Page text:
However, the main reason that banks now take these charges as standard is the other rights that they provide – and key to this is the ‘step in rights’. This is not always well understood but it is crucial as it gives the bank the right to appoint a Receiver (where they can argue it is justified) who can enter the company’s business or property and take control of it – with the aim of disposing of assets to repay the bank debt (and that is really their main responsibility). At this point both forms of charges (the fixed and the floating charges) are said to have been ‘Crystallised’ and the Receiver becomes known as a ‘Fixed Charge Receiver’.
Another aspect of a debenture which is not well understood is that they are considered to cover ‘All Monies’ – not just the specific loan that the business took out – so they secure existing and future loan advances and also Overdrafts.
So, if a Mortgage Debenture gives such powers to a lender, why aren’t Company Directors more aware of what these charges can do and the risks they could create?
One simple answer to this is that ‘the Company’ is the entity providing the charge, so there is no requirement for a Director to take ‘Independent legal Advice’ from a solicitor. This would be insisted upon if they were giving a Personal Guarantee of course – the rules effectively treat this as them giving a charge over their personal assets. A Director can therefore just sign a Debenture with a Board Resolution and not have it explained to them at all. And, of course, they are legal forms which cover every eventuality and not a light bedtime read!
Another reason is they have become ‘the norm’ and if the company needs the loan then there seems little room for negotiation or discussion. So they just get signed.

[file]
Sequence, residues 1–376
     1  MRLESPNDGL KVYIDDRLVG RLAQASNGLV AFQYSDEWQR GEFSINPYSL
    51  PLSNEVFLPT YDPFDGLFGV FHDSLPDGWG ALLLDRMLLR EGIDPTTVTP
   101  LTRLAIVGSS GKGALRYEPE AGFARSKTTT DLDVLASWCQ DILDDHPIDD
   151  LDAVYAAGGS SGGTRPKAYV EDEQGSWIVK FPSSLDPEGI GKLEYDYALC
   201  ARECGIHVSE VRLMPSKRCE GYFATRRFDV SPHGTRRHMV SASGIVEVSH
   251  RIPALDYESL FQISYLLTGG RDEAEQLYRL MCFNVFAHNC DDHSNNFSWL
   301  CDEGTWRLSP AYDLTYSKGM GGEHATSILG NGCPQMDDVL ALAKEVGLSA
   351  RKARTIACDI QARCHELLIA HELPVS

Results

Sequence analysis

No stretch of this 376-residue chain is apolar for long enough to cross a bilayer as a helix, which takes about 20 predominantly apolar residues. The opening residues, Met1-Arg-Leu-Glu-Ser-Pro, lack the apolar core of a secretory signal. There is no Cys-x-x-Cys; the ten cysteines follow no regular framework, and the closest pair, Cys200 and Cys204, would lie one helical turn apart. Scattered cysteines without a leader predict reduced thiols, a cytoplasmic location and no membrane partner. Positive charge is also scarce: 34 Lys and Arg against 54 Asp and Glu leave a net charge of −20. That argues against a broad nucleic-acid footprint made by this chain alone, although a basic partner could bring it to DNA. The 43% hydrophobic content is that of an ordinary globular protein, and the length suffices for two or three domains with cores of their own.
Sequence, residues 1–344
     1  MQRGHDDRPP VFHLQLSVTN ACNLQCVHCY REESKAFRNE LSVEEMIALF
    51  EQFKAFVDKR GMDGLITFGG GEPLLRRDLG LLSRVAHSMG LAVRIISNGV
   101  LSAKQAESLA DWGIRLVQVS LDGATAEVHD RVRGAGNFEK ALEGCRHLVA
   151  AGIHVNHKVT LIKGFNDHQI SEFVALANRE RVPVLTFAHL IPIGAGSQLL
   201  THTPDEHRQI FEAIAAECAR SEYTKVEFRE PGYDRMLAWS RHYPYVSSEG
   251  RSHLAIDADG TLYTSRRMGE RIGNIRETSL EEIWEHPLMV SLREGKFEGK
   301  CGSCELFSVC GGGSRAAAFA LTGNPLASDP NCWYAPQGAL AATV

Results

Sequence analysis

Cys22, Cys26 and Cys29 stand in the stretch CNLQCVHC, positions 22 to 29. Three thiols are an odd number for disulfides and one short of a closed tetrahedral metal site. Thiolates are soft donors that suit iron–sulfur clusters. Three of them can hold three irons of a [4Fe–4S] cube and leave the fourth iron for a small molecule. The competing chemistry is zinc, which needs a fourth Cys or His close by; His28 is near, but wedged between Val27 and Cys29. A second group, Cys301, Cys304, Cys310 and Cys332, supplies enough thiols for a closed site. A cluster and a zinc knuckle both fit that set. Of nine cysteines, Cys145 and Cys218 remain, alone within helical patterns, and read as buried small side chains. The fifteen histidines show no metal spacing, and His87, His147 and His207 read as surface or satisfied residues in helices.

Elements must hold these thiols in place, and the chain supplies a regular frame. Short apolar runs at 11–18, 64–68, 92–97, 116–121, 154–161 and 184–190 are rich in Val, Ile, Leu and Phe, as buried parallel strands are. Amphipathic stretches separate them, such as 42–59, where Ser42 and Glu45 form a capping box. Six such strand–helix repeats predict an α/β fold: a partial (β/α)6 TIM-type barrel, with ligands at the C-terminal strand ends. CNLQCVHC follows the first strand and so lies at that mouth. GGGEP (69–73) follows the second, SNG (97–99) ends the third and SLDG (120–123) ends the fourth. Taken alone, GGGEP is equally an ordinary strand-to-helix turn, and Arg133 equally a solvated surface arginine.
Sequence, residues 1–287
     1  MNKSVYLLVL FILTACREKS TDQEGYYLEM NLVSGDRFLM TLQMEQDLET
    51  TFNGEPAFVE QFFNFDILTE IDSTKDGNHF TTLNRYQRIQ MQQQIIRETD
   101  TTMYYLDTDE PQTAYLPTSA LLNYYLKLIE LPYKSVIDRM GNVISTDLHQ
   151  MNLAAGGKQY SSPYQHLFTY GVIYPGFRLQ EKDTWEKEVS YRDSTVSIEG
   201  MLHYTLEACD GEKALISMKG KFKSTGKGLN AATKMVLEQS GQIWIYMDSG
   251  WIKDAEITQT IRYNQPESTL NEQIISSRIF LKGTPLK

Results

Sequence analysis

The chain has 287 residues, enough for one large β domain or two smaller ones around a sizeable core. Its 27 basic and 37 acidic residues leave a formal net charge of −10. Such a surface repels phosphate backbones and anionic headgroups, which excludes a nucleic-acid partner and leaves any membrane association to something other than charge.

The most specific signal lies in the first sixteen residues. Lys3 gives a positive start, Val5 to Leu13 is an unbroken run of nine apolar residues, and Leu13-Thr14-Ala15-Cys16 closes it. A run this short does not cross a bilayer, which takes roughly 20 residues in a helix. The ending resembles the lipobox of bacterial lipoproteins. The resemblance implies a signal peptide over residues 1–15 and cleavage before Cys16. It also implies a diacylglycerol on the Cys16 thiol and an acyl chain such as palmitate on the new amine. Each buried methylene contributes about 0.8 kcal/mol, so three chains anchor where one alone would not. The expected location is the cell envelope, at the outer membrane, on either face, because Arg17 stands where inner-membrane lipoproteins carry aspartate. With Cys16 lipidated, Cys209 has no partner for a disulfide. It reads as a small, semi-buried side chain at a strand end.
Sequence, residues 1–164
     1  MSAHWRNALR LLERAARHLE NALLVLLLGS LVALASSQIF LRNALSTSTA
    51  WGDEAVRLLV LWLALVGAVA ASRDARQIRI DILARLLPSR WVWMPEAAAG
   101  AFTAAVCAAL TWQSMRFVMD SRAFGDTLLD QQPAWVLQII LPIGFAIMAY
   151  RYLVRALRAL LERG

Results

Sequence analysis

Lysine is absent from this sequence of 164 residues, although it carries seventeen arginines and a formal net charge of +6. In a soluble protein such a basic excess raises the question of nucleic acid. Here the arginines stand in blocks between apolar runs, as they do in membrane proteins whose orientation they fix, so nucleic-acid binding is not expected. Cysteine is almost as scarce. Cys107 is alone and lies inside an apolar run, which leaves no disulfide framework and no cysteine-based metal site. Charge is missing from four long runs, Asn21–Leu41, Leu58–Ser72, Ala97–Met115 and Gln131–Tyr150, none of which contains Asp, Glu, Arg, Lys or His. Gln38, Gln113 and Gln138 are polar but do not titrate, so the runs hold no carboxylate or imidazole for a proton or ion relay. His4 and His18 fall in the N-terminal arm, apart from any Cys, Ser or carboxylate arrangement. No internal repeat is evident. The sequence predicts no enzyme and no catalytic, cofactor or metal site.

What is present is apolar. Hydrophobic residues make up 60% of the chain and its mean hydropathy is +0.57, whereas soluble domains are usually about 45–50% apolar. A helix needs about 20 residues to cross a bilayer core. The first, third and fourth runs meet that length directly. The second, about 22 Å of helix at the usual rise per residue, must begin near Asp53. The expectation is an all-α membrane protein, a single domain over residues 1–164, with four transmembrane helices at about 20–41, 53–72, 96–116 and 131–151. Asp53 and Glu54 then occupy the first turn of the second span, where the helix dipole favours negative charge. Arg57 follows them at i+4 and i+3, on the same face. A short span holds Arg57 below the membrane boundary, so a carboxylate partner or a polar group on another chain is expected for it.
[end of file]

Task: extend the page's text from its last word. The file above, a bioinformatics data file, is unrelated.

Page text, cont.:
However, and not many people know this – there is also an opportunity for Directors created by Mortgage Debentures:
Not many Directors are aware that they could take out a Mortgage Debenture on their own company when it owes them money – such as when they have provided a Directors Loan. A simple example would be where you voted to pay yourself a dividend, but you don’t draw those funds out. It is an interesting concept because it means that if the company is ‘wound up’ your loan takes priority over other creditors (including ‘preferential’ creditors). This assumes of course that you have not already given a debenture to another lender.
It also follows that if your company is a lender to another company – such as a debtor who is not paying on time – you could (with their agreement) take out a mortgage debenture over their assets to give you priority if they fail (although legal advice would need to be taken by all parties in this situation as just the act of giving the mortgage debenture could give the company involved a problem).
A final point: Please note that I’m not a lawyer, I’m just an experienced old banker, and none of the above is to be treated as legal advice or opinion. If anyone is in any doubt about the facts or any decision they are taking they should seek advice from a commercial lawyer.